It would be naive of me to say that society holds no sway over how I view my body and myself. I live in society, I work there, I go to school there, I am a part of this society and whether I like it or not, it will have an influence over me. On the other hand, it would be completely unfair to myself to say that I only accept my body because it looks more conventionally attractive now. When I was 21 I used to be a size 10 (I’m a 14 now), had fewer stretch marks and no surgery scars. I was more attractive and more socially acceptable, but I was completely filled with self-hatred and unhappiness. I feel happy with myself now and it’s not because of what society told me.

When I used to try on clothes it just made me feel sad and annoyed. No matter how I dressed up or found clothing that flattered me, I didn’t feel pretty or satisfied with my appearance. I would hyper focus on my flaws and ignore all of my good points. I would compare myself unfavorably to models and pop singers. My thoughts told me that if I couldn’t look like Britney Spears, I couldn’t be attractive. The misery would compound on itself as my lack of confidence and determination to find fault in myself made me a less socially appealing person.

Today I’m wearing a blue halter dress with my Tardis blue shoes and nylons. I never would have been able to wear this size 14 dress before my gastric surgery or before my breast reduction. As I’m walking around in it, I started to feel self-conscious about my height. I’m 5’7 with my shoes off and with an extra three inches, I feel almost gangly. I also keep checking my breasts. Before, if I wore anything that was low cut I would have to constantly adjust it and reposition my breasts to keep them in position. Now my boobs are on point and they’re staying exactly where they’re supposed to be. Although my body is different, I’m still the same person and I still worry about my body maintaining its appearance. Although there are no easy answers, I do realize that there are questions and I will continue to ask them.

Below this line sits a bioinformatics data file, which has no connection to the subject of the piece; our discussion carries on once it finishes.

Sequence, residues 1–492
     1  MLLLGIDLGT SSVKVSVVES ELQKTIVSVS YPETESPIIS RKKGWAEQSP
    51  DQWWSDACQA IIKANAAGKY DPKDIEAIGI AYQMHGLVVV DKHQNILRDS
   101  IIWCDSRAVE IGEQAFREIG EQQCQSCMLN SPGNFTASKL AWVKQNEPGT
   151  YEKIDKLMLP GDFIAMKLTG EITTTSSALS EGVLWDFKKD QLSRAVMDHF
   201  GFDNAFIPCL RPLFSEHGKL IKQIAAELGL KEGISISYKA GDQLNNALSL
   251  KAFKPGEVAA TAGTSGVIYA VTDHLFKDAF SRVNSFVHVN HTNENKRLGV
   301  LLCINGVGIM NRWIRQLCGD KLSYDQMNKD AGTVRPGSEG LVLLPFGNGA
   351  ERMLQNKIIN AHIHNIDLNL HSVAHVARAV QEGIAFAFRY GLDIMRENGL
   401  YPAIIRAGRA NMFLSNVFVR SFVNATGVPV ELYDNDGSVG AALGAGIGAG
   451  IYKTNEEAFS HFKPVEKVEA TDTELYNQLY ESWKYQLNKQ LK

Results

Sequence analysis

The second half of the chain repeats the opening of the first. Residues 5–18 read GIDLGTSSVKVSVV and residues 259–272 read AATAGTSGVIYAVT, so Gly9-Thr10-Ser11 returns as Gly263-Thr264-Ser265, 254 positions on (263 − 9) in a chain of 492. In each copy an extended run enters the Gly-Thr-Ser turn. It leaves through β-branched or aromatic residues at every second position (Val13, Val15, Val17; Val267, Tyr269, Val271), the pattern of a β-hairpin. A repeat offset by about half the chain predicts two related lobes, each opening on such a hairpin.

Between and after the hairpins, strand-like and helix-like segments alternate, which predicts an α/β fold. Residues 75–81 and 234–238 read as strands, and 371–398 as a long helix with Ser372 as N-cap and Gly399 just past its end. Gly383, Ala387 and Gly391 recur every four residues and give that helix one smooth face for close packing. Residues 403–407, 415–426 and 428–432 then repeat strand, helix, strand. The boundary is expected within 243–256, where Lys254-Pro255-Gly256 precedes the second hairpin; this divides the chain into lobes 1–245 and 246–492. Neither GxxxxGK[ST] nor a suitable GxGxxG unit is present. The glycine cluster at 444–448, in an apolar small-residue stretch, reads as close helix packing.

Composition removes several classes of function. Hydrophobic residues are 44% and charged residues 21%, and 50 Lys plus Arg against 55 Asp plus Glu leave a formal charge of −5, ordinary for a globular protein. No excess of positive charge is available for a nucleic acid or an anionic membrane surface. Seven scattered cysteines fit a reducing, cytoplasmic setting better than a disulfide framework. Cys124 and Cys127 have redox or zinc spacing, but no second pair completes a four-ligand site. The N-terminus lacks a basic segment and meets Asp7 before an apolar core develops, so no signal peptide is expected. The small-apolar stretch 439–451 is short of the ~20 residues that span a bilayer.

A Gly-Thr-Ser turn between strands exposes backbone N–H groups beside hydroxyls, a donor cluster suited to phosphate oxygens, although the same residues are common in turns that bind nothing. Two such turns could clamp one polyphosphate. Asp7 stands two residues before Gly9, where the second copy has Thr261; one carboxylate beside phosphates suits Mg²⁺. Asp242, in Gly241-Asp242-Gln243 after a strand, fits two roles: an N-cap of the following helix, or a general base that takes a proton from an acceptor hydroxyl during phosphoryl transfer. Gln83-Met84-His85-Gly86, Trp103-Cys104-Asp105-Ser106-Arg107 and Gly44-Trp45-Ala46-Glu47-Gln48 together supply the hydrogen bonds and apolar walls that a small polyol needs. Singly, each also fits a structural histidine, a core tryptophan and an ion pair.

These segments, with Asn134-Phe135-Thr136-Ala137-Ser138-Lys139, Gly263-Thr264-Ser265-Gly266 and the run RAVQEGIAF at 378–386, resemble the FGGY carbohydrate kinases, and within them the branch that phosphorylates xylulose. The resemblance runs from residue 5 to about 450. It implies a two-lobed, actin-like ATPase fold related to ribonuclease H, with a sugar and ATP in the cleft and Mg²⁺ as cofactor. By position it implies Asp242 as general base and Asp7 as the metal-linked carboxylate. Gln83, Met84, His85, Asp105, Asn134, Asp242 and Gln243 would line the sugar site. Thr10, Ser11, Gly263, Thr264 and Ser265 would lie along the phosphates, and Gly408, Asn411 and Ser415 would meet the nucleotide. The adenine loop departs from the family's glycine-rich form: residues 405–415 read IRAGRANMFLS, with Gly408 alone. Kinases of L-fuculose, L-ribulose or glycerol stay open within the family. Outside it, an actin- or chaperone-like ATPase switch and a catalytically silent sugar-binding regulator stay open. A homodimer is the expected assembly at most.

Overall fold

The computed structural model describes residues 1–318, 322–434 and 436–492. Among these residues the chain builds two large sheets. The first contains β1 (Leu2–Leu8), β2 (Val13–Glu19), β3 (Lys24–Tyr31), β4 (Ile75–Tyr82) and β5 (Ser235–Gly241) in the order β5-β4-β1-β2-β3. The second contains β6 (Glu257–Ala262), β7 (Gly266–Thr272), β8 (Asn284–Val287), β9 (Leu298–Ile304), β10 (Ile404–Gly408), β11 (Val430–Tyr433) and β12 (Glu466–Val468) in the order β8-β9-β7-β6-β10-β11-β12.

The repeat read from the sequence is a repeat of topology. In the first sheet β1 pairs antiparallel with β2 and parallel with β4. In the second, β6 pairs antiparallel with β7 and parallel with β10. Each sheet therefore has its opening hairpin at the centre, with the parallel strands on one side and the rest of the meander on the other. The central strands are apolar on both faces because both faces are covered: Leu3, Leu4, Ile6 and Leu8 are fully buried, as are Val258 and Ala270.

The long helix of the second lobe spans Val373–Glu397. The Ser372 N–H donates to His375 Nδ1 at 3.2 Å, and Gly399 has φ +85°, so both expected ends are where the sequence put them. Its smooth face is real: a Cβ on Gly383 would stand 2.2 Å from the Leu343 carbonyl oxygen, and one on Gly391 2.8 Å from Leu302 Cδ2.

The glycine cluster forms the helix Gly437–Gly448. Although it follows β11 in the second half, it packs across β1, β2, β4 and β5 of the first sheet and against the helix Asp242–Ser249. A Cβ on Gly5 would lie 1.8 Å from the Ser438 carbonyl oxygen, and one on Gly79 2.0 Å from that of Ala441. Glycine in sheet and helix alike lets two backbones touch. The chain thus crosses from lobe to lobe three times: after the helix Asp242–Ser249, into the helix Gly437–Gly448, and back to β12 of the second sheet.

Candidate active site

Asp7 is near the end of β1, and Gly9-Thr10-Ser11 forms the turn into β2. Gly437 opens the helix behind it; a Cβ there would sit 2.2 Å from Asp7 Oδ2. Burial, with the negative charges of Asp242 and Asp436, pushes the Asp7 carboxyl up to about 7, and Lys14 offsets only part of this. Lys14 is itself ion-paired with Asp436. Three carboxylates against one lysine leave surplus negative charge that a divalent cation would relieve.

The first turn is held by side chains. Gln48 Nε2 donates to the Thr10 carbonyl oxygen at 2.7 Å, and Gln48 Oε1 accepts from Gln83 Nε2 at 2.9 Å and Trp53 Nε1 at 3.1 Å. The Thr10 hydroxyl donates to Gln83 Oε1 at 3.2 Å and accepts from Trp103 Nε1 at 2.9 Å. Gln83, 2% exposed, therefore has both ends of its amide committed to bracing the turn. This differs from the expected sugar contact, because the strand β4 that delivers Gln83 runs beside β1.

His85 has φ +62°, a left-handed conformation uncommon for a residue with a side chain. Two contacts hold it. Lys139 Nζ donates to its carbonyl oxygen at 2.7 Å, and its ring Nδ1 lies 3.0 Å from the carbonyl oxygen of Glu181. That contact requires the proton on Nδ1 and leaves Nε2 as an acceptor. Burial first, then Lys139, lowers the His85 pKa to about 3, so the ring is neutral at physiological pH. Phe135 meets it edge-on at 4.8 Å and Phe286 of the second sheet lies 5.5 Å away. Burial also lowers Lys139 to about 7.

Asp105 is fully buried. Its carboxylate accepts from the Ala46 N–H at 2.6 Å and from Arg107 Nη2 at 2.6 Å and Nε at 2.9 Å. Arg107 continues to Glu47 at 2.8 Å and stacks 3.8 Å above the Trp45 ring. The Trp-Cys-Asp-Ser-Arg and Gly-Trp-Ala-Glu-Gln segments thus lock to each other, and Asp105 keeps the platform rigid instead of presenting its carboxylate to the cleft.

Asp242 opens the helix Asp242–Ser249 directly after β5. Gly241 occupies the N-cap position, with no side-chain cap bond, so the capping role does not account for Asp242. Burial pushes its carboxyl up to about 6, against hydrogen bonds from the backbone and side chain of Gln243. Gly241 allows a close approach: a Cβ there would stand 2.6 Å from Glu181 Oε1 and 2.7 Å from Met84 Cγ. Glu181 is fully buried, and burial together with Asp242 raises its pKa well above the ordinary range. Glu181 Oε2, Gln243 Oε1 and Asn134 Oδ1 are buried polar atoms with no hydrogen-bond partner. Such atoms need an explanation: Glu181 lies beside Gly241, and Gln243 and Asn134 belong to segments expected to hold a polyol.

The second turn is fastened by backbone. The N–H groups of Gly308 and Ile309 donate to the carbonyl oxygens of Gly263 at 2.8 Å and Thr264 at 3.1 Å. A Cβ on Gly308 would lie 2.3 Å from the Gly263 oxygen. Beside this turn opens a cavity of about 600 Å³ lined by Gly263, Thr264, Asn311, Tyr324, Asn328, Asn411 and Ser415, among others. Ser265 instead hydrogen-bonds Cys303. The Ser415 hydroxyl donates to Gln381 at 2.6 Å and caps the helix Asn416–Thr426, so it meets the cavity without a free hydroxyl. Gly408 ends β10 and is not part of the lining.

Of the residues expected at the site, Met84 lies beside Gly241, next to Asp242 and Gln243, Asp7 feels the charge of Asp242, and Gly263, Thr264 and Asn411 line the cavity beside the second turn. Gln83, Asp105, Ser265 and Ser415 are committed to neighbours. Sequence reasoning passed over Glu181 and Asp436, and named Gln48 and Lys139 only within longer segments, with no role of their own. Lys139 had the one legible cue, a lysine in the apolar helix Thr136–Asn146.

The “Men of OKC” Experiment that Never Happened


[Image: The photo I’m referring to in the text, just with a large hazard sign over it.]

So I had an idea. I wondered what would happen if I posted a photo of myself in my underwear as a profile picture on OKC. I mean, men treat me like a sexual object when I’m fully clothed, and even in full colonial costume, so what would happen if I actually put something revealing and intimate on the site? I ran it by a few male friends to get their thoughts.

Noah thought it would be an interesting experiment, but warned me of the creepers to come. Which, naturally, I was expecting. I get creepers no matter what I put on my profile or how fully clothed I am in photos. Men on OKC don’t treat me like a human being when I have all of my clothes on, with them off, I’m sure they would drop any pretense that I am actually a people.

Then I asked Yogurt. He informed me that I would be called a whore and a tramp and someone would probably threaten to rape me before I took the picture down. Which, I wouldn’t be surprised if that happened either. I had someone threaten to beat and rape me because I politely turned them down after they told me that they had lied on their profile.

But the question remains, why would I deserve to be treated like even less than a person as usual if I post a picture of myself in my underwear? Why is my body inherently sexual and my displaying of it deserving of insults and threats? The picture I was going to post was just me in my underwear. No sexual looks, no seductive poses, I was standing in front of a bathroom mirror in a bra and panties. And really, there are nude pictures that are non-sexual. The human body is not a sexual object and just because you can see more or less or it doesn’t make it more or less worthy of consideration.

I’m not so naive as to think that the rest of the world is aware of this, however. There’s no doubt in my mind that if I posted a picture of myself in my underwear on OkCupid that I would be flooded with sexual messages from men far and wide, all of them wanting sexual favors. But that was part of the point of the experiment. To show how the female body is treated. With disrespect. With degradation. With demands made of it. With the assumption that it is willing to accommodate anyone able to type out a sexual request.

And that fact is sad. It’s sad that the human body has been turned into a thing to be used and the display of the human body is now consent to sex. I wrote a piece for my Chrysler Museum book about a nude statue. I wrote about how the ancient Greeks figured out that nudity is not the same as sex, but modern society is somehow lagging behind on that revelation.

Regardless of how things should be, this is the way things are. I’m sure posting a photo of myself in my underwear would lead to a sharp increase in the flow of dehumanizing, rude, vulgar, and inappropriate messages. And I’m sure that the men that send them would feel completely justified in doing so. After all, my body was visible. Therefore, I wanted this attention. Therefore, it’s their right to treat me without respect or dignity. And that is a very, very sad statement.